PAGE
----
Heated political debate — and accompanying propaganda — has always been a fixture of any political system that allows debate. Civility, while held up as an ideal, doesn’t usually prevail.
The recent poster displayed by a Republican group at the West Virginia statehouse is evidence enough. The poster, which has been widely condemned by both Democrats and Republicans, links Rep. Ilhan Omar to the Sept. 11, 2001 terrorist attacks. The message is intensely nativist: That electing a religious Muslim is a betrayal of the 2,996 innocent people who lost their lives that day.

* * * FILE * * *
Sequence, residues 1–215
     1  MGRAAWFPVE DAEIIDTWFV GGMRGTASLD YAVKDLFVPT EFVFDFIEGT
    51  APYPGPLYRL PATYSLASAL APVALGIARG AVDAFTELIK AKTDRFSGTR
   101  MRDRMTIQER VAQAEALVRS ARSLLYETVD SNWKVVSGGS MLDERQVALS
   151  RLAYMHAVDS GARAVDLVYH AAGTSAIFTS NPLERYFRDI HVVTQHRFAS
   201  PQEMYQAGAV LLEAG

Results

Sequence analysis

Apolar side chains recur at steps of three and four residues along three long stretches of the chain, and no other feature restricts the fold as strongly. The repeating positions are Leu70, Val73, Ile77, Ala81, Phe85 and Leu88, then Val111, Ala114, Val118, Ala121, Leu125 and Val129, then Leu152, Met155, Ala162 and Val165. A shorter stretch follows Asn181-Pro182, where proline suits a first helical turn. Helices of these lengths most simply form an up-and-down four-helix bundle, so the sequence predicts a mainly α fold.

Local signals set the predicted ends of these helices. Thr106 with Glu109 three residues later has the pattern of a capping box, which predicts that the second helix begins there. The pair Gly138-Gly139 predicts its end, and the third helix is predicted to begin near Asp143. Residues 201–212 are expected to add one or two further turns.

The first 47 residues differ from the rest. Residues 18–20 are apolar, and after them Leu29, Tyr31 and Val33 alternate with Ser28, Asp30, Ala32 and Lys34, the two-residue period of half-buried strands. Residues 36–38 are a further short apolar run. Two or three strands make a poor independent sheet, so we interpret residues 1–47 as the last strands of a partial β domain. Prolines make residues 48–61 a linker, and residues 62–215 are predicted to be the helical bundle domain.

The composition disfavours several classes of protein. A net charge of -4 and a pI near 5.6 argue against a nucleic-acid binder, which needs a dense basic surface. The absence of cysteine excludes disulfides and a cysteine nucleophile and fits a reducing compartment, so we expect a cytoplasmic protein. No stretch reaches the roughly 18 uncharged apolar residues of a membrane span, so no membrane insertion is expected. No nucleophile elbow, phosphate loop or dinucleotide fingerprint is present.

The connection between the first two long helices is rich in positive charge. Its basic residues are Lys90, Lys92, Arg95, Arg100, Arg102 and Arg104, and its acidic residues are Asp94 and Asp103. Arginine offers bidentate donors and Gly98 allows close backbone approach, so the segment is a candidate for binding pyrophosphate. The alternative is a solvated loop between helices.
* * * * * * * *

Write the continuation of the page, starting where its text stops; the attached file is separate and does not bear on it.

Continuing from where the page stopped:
The poster is repugnant. It invokes the hateful canard that all Muslims are terrorists.
Rep. Omar has herself in recent weeks been invoking canards — that pro-Israel Jews have “dual loyalties,” a classic anti-Semitic accusation, even saying that pro-Israel Americans push “allegiance to a foreign country.” As much as we condemn Rep. Omar’s ongoing use of anti-Semitic canards, we condemn the anti-Rep. Omar poster. Having a religious Muslim in Congress — growing the diversity of our representative bodies — should be celebrated, not vilified. That does not preclude criticizing any member of Congress, irrespective of their race, religion or gender, when it comes to their public statements and policy positions.
Copyright © 2019 by the Intermountain Jewish News